Dill Seed
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Dill Seed DILL SEED  
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Botanical:  Anethum graveolens
Family:  Umbelliferae (carrot) - Apiaceae (parsley)
Other common names:  Dilly, Garden Dill

Even better than Dill pickles, Dill Seed has been used for centuries as an appetite stimulant, as well as an excellent digestive aid that relieves a gassy, sour stomach, hiccups, intestinal gas pains and colic.  Try it as a breath freshener and nail strengthener too!

Disclaimer:
The information presented herein by Herbal Extracts Plus is intended for educational purposes only. These statements have not been evaluated by the FDA and are not intended to diagnose, cure, treat or prevent disease. Individual results may vary, and before using any supplements, it is always advisable to consult with your own health care provider.

History:
Dill is a hardy annual or biennial that is native to the Mediterranean region and southern Russia.  It will grow in almost any soil, often self-seeding when left alone, and may reach a height of five feet.  Ancient Egyptians mentioned its use as a soothing digestive medicine five thousand years ago; and in the Talmud  (ancient Jewish law), records show that it was such a valuable commodity it was subject to a tithe.  Pliny (A.D. 23-79) described numerous medicinal uses for the herb, and the Greeks used it to relieve hiccups.  Its name is derived from the Old Norse, dilla, meaning "to lull," as it was commonly given to soothe and lull infants with colicky stomachs.  In the Middle Ages, Dill was one of the herbs used on St. John's Eve and prized as a protection against witchcraft.  Magicians used Dill in casting their spells and in magic potions, while lesser mortals infused it in wine to enhance passion.  In the 1600s, Dill continued to be popular as a digestive aid for easing hiccoughs (hiccups), expelling wind and relieving the pains of indigestion.  Early settlers had taken Dill to North America, where it became known as a "meetin' seed," because children were given Dill seed to chew as a calmative during long church sermons.  Even now, some families still use Dill water (or 'gripe water') to relieve digestive discomforts and colic in infants.  Some of Dill's constituents include flavonoids and essential oils.  Although Dill is probably chiefly known today as a culinary herb and spice to flavor soups, stews, fish and vegetables, its digestive benefits are still widely valued.  Dill oil is also used commercially as a scent in soaps, and the spicy seeds are frequently substituted for salt in salt-free diets.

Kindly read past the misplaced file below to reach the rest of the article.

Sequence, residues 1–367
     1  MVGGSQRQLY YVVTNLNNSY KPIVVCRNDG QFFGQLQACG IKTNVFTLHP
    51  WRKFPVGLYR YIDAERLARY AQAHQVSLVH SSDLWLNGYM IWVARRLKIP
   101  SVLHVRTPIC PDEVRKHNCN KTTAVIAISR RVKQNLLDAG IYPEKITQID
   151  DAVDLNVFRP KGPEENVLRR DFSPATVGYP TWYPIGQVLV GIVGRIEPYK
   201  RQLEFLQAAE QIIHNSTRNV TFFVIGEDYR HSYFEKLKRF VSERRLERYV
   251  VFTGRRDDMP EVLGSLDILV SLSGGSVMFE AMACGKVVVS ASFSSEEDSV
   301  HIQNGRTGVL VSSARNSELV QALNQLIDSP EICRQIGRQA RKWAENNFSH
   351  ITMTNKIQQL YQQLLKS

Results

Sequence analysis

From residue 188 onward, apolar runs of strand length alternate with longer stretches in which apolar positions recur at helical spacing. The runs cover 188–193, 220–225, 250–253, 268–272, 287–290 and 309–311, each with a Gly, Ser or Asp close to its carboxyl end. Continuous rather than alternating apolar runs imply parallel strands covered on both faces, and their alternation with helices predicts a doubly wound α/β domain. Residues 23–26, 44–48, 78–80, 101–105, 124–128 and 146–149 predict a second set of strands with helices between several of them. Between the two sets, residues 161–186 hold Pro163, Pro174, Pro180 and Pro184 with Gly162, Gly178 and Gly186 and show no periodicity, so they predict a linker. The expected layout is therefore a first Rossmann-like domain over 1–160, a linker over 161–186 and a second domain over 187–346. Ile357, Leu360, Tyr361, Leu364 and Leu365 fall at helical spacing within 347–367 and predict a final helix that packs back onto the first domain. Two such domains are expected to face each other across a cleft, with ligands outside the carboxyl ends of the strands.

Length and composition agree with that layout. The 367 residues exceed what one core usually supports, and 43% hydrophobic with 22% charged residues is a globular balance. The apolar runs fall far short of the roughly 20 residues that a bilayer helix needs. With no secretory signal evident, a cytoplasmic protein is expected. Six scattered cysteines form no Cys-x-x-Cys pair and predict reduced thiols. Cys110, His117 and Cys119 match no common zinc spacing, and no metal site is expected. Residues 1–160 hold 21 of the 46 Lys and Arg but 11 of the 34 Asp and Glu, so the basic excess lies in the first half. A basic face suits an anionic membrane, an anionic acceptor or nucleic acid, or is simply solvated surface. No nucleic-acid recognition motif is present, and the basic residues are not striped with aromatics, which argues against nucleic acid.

Beneficial Uses:
Dill has been used for thousands of years as a wonderful aid to good digestion, calming and toning the digestive system, and stimulating a healthy appetite.  It is an old, tried-and-true remedy for a sour and upset stomach, hiccups and a relief for stomach cramps.  Dill was a folk remedy for infant colic and other digestive disorders in older children, a remedy that is still in use today.

Dill is a "carminative" that helps to ease flatulence.  It prevents gas from forming in the intestines or helps to expel any gas that is trapped in the intestines, while also helping to ease "griping" (sharp pains and grumbling in the bowels).  It is also said to have mild diuretic effects.

For halitosis, Dill is considered an excellent breath freshener and is also believed to strengthen nails.

Dill appears to have some anti-bacterial properties and may control infection, and the flavonoids in Dill have exhibited some anti-inflammatory properties.

Nursing mothers have used Dill to stimulate lactation and increase milk.

As a calmative, Dill may help treat mild insomnia.

Contraindications:
Pregnant women should not use Dill Seed Herbal Supplement, and some people may be sensitive to it, developing a minor skin rash.  If this occurs, discontinue use.

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